show image

Your next tech staffer is increasingly likely to be a product of a ‘career accelerator’

If you’re scrabbling around looking for great staff but have found your usual recruitment methods a bit crap, you may well have to start looking beyond the normal places.

That could be something like General Assembly, a skills startup, or ‘career accelerator’ founded back in 2012, which is now adding 10 new spaces and a new country to its network of private learning spaces.

GA says it’s trained some 40,000 people, from Singapore to Sydney, on its short-course programmes across in-demand skills like data, web design and UX design.

The courses don’t come cheap for the learner, £8,000 for a full-time, 10-week “UX design immersive” in London, much the same as Makers Academy‘s 12-week coding courses.

On top of the core training, and much like other programmes out there, GA promises “job readiness training, connections to employers, and opportunities to hone new skills”.

It’s no guarantee of a job after spending thousands, but if the customer does get one, that ultimately gives the course provider a success stats boost too.

Something like Code First Girls, meanwhile, has started using paid-for professional coding classes to pay for free courses for even-less-well-represented women.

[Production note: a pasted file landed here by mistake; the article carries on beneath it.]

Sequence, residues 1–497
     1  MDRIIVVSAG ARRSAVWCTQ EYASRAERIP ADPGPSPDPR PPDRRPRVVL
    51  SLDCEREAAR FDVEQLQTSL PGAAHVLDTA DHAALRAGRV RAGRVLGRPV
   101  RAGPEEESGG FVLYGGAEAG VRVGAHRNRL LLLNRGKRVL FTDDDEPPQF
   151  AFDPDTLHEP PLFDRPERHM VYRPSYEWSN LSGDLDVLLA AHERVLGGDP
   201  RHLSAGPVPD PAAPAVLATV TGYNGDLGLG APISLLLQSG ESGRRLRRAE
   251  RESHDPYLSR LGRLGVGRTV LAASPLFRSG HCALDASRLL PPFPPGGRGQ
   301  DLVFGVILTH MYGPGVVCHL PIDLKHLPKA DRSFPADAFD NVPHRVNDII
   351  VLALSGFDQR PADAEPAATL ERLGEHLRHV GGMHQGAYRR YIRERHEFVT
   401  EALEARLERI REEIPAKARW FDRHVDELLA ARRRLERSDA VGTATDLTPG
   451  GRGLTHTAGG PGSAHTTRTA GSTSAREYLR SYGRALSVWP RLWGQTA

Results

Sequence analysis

Its founder Amali de Alwis says that for every £1 it’s received in funding, it’s put £5 back into the economy.

Soon Code First Girls will be offering its first paid, company-sponsored (and designed) apprenticeships to women in the UK.

Lots and lots and lots has been said and done to boost digital skills in the UK.

But there often seems to be a gaping gap between policymakers, education providers, accreditation bodies and business.

That, along with the fact that billions is spent every year on training worldwide, has got to be why private, fast-paced providers have stepped in.

“We are seeing incredible demand among employers — outside of the traditional urban hotspots more commonly associated with the tech sector — as they struggle to fill jobs that require 21st century skills like web development, data science and UX design” said Jake Schwartz, co-founder and CEO of General Assembly, on the expansion news.

“This demand outstrips the capacity of conventional education, which is why we are scaling to an entirely new level, adding resources for people and companies in these additional cities around the world.”

Increasingly expensive UK universities, where you can sink years of your life and tens of thousands of pounds on content that might well be out of date, will be looking on this trend warily.

By the end of this year, GA will be opening 10 new hubs in the US, as well as entering the Canadian market through the buyout of Bitmaker.

Source: The Next Web